The language reported as just quoted by the hon. gentleman (Mr. Foster) is not precisely the language I used, or, at any rate, is not what I
intended to use, for there is very little meaning in the words as reported. The following is what is reported :
I would like this House to consider whether at its worst it is to be compared for one moment with the position of a man who succeeds in placing himself in a position of trust in a company and then succeeds in placing himself in another position connected with another company, and then engages in the delightful occupation of selling out the company of which he is a director to himself in another com, pany, and taking a commission
And so on. I did not say that, or I certainly did not intend to say it. What I intended to say was :
A man who succeeds in placing himself in a position of trust in a company arid then succeeds in placing himself in another position connected with another company, and then engages in the delightful occupation of buying lands for the company of which he was manager, and accepting a commission and putting it in his pocket in that connection
And so on. That is what I intended to say, and the revised 'Hansard' will show the words so corrected. And my authority, if the hon. gentleman wants it, are the proceedings of the Royal Commission wbieli investigated this particular case which was discussed thoroughly in this House during the last session, and I quoted particularly, and I mentioned it, from the speech of the Minister of Justice which I happen to have before me at this moment. I had not the pleasure of hearing the speech which was delivered by the Minister of Justice, as I was away, but I read it after my return from England, and in that speech I find the following :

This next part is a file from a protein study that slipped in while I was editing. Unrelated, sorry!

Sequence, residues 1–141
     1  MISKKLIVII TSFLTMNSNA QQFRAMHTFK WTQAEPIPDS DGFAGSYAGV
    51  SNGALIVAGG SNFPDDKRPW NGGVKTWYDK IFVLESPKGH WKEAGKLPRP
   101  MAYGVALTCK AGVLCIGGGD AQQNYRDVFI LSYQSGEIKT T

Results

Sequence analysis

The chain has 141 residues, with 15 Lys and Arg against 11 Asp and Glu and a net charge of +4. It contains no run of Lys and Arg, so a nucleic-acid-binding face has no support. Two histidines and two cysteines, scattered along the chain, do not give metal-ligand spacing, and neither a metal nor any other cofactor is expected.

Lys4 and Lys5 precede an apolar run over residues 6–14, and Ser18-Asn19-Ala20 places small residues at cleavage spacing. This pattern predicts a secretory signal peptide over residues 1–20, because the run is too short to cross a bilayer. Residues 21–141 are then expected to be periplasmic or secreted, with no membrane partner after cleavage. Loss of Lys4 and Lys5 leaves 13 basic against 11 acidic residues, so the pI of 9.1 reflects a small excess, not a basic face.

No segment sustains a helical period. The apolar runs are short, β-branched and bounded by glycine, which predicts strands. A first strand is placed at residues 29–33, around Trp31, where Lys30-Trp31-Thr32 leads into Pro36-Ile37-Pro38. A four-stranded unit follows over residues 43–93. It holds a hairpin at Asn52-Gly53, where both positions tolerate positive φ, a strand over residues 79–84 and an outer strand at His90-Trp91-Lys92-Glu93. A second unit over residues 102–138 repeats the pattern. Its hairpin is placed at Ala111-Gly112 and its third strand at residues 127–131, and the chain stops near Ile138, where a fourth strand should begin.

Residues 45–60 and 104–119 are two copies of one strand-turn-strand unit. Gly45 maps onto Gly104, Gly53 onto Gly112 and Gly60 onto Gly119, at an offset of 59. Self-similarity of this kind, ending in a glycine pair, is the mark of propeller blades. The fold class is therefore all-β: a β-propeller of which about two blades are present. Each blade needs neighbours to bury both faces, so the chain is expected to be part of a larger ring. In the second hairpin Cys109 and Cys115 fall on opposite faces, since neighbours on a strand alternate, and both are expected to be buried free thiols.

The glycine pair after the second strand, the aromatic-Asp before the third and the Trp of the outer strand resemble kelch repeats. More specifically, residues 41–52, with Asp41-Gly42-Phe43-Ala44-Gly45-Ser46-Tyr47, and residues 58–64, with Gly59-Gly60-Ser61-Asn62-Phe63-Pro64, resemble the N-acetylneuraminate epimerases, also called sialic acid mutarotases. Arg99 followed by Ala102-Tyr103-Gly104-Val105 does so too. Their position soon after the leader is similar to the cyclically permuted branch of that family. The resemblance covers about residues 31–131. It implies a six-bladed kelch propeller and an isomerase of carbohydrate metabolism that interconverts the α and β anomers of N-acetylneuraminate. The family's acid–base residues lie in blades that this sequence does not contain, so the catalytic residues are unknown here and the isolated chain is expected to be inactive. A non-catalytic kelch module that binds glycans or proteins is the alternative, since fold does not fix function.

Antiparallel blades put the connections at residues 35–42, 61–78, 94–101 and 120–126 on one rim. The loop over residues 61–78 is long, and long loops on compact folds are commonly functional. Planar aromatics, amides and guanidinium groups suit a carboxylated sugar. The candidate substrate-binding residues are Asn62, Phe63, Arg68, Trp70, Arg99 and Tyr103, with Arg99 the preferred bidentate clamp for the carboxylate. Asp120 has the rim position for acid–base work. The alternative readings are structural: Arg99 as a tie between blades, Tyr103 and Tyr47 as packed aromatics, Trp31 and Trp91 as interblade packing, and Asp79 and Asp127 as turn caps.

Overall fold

The other transaction of a similar character perhaps deserves one word of additional notice, and for the simple reason that in regard to the $5,000 transaction, the verbal evidence which witnesses gave before the commission is contradictory. One witness gives in his testimony-which I need not say is equally sworn evidence-a statement of the transaction directly at variance upon this crucial point with the statement of the hon gentleman. It is not for me to judge between the two, it has not been the part of the commission to judge between the two. They have stated simply and frankly upon the face of the report what was the evidence of one and what was the evidence of the other, and leaving that evidence for comparison and for perusal, and leaving those who read to form their own judgment upon it. The commission left it at that and discussed the transaction from either of the different points of view, according to the different evidence which any reader may choose to accept.
But with regard to the subsequent transaction-
Tile one to which I referred.
-in respect to which a commission of small amount was paid, there is not, because there cannot be, variation in the testimony of witnesses, it resting upon written documents. This is a transaction, in essence of precisely